As the pages on the calendar continue to turn toward January 2020, the Patient-Driven Groupings Model (PDGM) remains a top priority for home health agencies big and small. But while the payment overhaul does mark the beginning of a new era in the industry, it can’t be providers’ sole focus.
“It shouldn’t be: ‘PDGM is all-encompassing. Once we figure that out, it’s smooth sailing,’” Fred Bentley — managing director of Washington, D.C.-based health care consulting firm Avalere Health — told Home Health Care News. “Far from it.”
The two most significant non-PDGM topics home health agencies should turn their attention to are the rising Medicare Advantage (MA) enrollment levels and the looming possibility of a unified post-acute care payment model in the not-too-distant future, according to Bentley, whose firm specializes in strategy, policy and data analysis for a wide range of providers, government agencies, industry associations and other groups.
Nationally, Medicare Advantage plans have taken on a larger role in the Medicare program over the past decade.
In 1999, about 6.9 million people — or about 18% of all Medicare beneficiaries — signed up for MA plans. That total has more than tripled in 2019, with 34% now enrolled under MA, a Kaiser Family Foundation analysis of Centers for Medicare & Medicaid Services (CMS) data revealed.
“PDGM is certainly a major change and deserves the attention of home health providers and their executives, but in the grand scheme of things that payment model is shrinking,” Bentley said. “I would argue Medicare fee-for-service, broadly speaking, is shrinking in importance.”
MA has been a hot topic in the non-medical home care space ever since CMS announced it would allow plans to offer certain in-home services and supports as supplemental benefits in April 2018. At least to some degree, however, MA has been pushed to the backburner in the home health world.
By law, Medicare Advantage plans must provide all enrollees with all coverage included in Part A and Part B of traditional Medicare, including the home health benefit. Historically, though, some home health providers have been hesitant to aggressively seek out Medicare Advantage relationships, as MA rates are generally lower than those coming from fee-for-service Medicare.
Additionally, MA plans have often managed utilization of home health in a particularly tight fashion, Bentley said.
Industry leaders have somewhat criticized that practice in the past, telling HHCN that plans simply undervalue the services home health providers bring to the table.
But that’s all starting to slowly change, according to Bentley.
“As MA plans grow and become more sophisticated, they’re realizing that — for their continued growth and future — they can’t bank on enrolling younger, healthier Medicare beneficiaries who don’t require any sort of home health or post-acute care services,” Bentley said. “They are going to have to figure out how to manage sicker, more challenging patient populations, and home health is a critical part of that.”
“If you’re running a home health business, you have to recognize that Medicare Advantage plans and managed care executives are moving up a learning curve,” he added.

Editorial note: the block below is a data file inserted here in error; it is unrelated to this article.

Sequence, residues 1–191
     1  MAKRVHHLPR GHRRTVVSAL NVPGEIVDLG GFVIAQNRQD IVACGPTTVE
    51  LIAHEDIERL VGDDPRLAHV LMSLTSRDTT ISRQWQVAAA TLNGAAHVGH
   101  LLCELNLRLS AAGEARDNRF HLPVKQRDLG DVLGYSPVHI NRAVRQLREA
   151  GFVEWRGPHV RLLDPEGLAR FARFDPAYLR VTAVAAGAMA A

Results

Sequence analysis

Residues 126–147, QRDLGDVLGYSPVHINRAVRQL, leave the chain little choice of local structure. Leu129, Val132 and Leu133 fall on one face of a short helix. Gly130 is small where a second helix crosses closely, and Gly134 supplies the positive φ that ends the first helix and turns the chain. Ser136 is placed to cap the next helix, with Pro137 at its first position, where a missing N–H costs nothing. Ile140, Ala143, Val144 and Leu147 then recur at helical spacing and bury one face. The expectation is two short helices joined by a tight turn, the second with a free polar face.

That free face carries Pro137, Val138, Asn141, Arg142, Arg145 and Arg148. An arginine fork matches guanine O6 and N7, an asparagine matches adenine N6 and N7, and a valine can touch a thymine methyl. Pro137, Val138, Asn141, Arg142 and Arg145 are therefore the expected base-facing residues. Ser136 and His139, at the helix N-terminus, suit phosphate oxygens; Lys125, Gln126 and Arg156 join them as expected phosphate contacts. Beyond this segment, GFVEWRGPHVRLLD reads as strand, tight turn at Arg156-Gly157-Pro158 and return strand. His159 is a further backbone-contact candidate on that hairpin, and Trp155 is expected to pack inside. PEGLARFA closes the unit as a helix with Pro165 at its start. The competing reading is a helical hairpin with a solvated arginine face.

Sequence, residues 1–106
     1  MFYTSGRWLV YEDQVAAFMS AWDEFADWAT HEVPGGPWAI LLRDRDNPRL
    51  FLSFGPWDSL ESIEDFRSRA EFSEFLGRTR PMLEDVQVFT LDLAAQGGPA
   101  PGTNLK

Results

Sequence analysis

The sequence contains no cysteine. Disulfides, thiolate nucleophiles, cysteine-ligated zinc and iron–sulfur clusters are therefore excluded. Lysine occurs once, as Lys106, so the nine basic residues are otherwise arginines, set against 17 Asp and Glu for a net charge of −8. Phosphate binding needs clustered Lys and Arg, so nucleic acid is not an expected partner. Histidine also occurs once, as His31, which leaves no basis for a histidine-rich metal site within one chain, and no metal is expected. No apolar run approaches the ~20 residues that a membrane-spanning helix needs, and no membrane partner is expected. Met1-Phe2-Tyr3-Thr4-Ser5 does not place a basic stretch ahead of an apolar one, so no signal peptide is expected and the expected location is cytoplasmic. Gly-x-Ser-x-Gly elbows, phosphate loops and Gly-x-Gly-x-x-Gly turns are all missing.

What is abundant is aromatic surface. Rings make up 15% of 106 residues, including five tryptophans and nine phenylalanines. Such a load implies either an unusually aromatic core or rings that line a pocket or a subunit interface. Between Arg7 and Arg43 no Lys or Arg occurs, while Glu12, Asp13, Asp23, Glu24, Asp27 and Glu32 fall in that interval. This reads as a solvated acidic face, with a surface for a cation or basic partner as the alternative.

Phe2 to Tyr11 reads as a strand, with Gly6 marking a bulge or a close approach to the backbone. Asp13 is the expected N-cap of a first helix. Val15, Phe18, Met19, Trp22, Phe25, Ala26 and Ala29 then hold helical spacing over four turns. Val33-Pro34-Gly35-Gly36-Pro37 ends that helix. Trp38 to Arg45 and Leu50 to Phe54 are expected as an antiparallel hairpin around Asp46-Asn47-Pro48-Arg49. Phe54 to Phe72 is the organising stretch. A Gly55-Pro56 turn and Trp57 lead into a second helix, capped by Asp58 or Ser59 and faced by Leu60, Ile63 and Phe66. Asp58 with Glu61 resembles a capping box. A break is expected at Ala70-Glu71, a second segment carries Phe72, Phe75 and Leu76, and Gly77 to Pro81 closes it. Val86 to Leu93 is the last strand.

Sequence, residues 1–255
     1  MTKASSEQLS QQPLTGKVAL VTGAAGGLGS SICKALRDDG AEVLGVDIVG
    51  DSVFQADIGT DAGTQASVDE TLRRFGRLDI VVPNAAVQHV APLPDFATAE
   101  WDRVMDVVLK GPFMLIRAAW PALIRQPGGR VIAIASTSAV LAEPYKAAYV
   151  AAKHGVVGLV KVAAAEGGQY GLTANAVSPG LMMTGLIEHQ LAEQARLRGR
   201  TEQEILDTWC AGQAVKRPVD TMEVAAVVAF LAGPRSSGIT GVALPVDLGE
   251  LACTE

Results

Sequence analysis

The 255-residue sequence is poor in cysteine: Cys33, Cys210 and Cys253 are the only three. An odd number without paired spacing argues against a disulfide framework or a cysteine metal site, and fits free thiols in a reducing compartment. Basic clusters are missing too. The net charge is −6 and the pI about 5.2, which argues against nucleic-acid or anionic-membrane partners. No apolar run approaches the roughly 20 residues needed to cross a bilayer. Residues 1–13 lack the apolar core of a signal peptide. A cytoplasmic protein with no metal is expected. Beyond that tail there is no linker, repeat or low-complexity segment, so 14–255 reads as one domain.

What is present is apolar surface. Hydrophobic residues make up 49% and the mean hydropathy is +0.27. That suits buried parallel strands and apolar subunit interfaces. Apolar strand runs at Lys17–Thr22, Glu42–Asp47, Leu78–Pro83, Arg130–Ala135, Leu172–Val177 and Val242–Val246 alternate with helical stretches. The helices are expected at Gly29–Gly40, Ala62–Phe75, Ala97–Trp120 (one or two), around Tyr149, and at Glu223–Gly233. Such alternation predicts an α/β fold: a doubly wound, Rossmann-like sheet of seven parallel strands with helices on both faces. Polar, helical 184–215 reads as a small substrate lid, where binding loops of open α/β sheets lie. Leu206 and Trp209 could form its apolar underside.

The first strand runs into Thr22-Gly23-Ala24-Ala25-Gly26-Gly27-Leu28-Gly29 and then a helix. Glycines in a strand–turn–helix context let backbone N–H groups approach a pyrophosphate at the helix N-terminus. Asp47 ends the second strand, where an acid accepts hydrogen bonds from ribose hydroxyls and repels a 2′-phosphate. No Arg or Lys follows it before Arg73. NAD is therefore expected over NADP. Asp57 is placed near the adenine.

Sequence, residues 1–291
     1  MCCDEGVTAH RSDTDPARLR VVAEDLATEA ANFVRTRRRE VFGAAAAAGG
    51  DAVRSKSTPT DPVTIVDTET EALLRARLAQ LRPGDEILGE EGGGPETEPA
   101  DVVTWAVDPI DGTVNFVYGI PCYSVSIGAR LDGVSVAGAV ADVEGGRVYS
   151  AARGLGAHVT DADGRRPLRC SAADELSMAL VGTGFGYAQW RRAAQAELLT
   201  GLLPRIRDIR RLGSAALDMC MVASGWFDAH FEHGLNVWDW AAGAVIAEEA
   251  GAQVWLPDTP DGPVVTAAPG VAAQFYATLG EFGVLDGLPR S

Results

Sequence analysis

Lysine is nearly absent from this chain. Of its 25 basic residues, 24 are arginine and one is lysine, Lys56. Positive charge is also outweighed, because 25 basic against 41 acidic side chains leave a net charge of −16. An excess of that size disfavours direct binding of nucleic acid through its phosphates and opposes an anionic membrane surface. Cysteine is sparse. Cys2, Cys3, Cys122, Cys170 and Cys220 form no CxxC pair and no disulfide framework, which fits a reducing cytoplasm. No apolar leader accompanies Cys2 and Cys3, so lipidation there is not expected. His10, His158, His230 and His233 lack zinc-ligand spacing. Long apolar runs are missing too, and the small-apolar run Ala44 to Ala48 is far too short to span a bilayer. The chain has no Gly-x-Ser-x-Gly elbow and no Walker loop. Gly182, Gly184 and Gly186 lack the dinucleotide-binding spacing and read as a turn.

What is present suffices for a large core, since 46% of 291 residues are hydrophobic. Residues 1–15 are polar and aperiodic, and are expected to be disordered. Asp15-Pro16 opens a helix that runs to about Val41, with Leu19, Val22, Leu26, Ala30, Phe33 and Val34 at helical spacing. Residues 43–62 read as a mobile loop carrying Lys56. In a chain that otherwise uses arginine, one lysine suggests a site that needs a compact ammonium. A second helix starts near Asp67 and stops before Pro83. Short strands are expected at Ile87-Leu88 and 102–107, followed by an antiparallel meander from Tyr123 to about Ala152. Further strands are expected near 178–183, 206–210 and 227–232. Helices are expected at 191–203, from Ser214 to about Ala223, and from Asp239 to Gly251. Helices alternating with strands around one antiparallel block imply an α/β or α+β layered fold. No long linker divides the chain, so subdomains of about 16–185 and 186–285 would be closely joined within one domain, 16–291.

Don’t write off unified PAC model
Apart from Medicare Advantage, home health providers would also be wise to start thinking about what a unified post-acute care (PAC) model would mean for their businesses, according to Bentley.
“There’s PDGM, but lurking in the background is this idea of the unified PAC payment model, … this idea that any type of post-acute service should be based on patients’ underlying needs — not the institution or care setting,” he said. “CMS is supposedly developing this, but I think they’re moving fairly slowly.”
PAC settings currently include home health and hospice providers, skilled nursing facilities (SNFs), in-patient rehabilitation facilities (IRFs) and long-term care hospitals (LTCHs).
The Medicare Payment Advisory Commission (MedPAC) has long been pushing for a unified PAC model, doing so again in its June report to Congress.
“The think the recognition is that, with PDGM coming out and the Patient-Driven Payment Model (PDPM) hitting SNFs even earlier, now is not the time to say, ‘Hey, we’re going to introduce yet another payment model,’” Bentley said. “But if you’re looking out three to five years from now, that is something to be thinking about and preparing for.”
The BETTER Act — introduced in the U.S. House of Representative in June — calls for MedPAC to submit a “prototype value-based payment program under a unified prospective payment system for post-acute care services” by March 15, 2021.
In general, it’s too early to guess what a real unified PAC payment model would look like, though MedPAC has suggested a stay-based approach rather than an episode-based structure.
Even so, there are already big-picture steps home health agencies can start taking to succeed under a one-size-fits-all overhaul, Bentley said.
One of those steps is to broaden the scope of services offered, both through acquisitions and partnerships.
“I think it tees up this broader discussion around breaking out of the mentality of, ‘We are a Medicare-certified, skilled home health provider,’” he said. “You have to think about what are the array of services you are providing in the home setting, such that you become an indispensable solution. … I think there’s power in being integrated, and that could mean acquiring capabilities and bringing them in-house or forming, for example, palliative or hospice care partnerships.”